Trump has been a fixture on "Celebrity Apprentice" for the program's entire history, and his candidacy would push competing candidates for the top U.S. government job to ask NBC for equal time.
It's not as if "Apprentice" by itself is likely to get the network back to being somewhat competitive. But ongoing, relatively low-cost, reality programs like "Apprentice" can be a key utility player for any network, and will be si for NBC especially after "Sunday Night Football" ends in the fourth quarter.
NBC ran into this problem before -- but to a lesser degree. When Fred D. Thompson entered the race for the Republican nomination in 2008, he quit his role on series "Law & Order." To insure that no competitors would claim equal time on the network, NBC also stopped airing reruns where Thompson appeared.
But on the flip side, NBC could surely use the attention of a Trump candidacy -- especially if, as rumored, he announces his intention to run on the May 22nd season finale of "Celebrity Apprentice." Trump's talk about running may be drawing more viewers into the Apprentice's orbit.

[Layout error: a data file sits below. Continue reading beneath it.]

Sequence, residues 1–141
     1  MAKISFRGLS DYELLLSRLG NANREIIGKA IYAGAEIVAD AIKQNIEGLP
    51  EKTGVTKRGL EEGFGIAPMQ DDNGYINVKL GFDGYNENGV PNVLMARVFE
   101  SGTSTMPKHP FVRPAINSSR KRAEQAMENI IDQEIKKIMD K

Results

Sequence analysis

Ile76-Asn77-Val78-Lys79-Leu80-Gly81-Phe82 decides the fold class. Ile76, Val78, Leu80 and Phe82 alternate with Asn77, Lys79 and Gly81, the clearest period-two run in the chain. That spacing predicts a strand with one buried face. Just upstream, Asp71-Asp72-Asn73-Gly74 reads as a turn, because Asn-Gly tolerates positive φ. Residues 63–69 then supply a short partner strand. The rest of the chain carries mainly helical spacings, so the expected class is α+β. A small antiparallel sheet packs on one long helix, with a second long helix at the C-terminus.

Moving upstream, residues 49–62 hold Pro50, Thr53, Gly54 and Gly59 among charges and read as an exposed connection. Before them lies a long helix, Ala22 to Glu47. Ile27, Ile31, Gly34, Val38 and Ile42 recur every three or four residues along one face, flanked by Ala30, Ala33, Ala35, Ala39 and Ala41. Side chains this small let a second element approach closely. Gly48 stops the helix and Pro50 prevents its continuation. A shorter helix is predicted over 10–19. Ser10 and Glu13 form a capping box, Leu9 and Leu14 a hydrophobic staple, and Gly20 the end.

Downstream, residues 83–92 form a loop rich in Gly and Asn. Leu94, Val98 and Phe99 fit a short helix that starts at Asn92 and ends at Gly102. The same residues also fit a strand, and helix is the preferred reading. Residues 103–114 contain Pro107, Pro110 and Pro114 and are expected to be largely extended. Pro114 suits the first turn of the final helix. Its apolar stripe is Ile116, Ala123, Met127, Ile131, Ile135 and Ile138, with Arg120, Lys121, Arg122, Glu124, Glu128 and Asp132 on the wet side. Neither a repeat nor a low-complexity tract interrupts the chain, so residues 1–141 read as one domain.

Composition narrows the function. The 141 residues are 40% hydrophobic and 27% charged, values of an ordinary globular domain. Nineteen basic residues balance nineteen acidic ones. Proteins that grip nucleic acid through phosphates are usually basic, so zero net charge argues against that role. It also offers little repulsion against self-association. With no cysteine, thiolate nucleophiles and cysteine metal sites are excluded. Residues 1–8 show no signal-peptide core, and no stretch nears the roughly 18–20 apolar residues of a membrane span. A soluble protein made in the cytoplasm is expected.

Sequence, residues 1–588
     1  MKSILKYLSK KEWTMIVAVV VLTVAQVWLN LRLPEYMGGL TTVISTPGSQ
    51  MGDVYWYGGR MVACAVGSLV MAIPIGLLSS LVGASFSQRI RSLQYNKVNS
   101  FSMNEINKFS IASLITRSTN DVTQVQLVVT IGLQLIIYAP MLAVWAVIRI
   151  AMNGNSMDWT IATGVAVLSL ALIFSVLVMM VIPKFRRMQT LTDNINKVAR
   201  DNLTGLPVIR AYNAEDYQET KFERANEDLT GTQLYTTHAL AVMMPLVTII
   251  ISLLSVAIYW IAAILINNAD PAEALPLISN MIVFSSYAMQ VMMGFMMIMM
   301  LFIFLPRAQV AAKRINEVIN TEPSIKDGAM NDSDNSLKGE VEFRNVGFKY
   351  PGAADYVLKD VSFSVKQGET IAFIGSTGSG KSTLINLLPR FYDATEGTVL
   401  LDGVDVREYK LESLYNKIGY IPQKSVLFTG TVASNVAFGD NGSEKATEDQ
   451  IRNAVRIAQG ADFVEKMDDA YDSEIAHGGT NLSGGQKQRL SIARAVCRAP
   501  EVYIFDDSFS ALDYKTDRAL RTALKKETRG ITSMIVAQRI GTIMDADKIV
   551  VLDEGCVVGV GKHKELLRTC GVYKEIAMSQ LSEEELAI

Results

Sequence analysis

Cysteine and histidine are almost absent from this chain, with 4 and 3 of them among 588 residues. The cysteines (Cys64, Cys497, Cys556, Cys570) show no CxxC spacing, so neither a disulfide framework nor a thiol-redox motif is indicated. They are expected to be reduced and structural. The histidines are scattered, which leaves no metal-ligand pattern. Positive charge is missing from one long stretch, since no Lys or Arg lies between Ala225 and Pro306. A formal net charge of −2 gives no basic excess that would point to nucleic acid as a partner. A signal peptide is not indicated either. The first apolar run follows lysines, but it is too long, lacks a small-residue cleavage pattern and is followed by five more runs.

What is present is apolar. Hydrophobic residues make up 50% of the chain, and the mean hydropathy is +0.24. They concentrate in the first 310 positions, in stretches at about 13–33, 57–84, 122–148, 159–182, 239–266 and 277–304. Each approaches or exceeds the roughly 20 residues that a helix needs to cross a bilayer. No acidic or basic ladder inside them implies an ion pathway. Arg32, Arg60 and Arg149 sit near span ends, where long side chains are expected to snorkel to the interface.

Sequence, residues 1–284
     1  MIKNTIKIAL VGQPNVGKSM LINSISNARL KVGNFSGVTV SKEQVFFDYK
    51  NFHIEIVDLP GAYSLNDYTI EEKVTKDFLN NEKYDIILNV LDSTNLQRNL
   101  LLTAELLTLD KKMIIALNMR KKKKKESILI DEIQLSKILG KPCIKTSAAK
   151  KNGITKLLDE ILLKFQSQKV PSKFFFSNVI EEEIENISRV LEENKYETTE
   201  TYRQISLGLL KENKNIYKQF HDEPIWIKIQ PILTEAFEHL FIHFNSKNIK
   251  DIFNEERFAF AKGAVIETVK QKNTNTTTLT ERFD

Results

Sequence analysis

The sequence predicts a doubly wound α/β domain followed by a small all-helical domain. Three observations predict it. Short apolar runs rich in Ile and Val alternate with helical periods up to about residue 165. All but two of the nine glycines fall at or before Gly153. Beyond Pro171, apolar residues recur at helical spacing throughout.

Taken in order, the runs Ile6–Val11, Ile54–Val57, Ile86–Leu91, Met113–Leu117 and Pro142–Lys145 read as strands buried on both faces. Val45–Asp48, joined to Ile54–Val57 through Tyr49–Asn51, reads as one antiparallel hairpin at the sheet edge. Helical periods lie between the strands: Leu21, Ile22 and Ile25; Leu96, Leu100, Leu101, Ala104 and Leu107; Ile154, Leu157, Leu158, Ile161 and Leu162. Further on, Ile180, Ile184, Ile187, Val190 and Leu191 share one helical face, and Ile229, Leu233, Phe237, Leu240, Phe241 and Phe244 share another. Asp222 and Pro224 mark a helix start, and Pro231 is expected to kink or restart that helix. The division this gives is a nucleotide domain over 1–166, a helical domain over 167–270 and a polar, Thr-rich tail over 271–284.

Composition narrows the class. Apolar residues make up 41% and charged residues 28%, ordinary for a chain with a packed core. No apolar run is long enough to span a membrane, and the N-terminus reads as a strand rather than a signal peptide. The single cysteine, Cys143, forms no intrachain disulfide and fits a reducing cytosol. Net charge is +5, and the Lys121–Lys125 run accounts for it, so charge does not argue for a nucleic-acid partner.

If Trump goes ahead, NBC may just give "The Apprentice/Celebrity Apprentice" a small break -- say sitting out the spring 2012 time slot. Spring has been its usual seasonal starting place. But it could be back by that summer. Early in 2012, in the heart of primary season, Trump"s fate could be sealed if he is far behind, registers a few quick primary losses, and pulls out.
But it's not just lost rating points that are a concern. "The Apprentice/Celebrity Apprentice" continues to be a big proponent of branded entertainment -- like NBC's other big reality show, "The Biggest Loser."
"Apprentice" continues to be a big friend of marketers looking for that extra piece of on-air and off-air viewer engagement. Those kind of deals can evolve into bigger advertising/marketing deals that span across the whole network.
Losing Trump, the "Apprentice" and a proven TV marketing platform will only make NBC's job harder on whatever road back it has planned.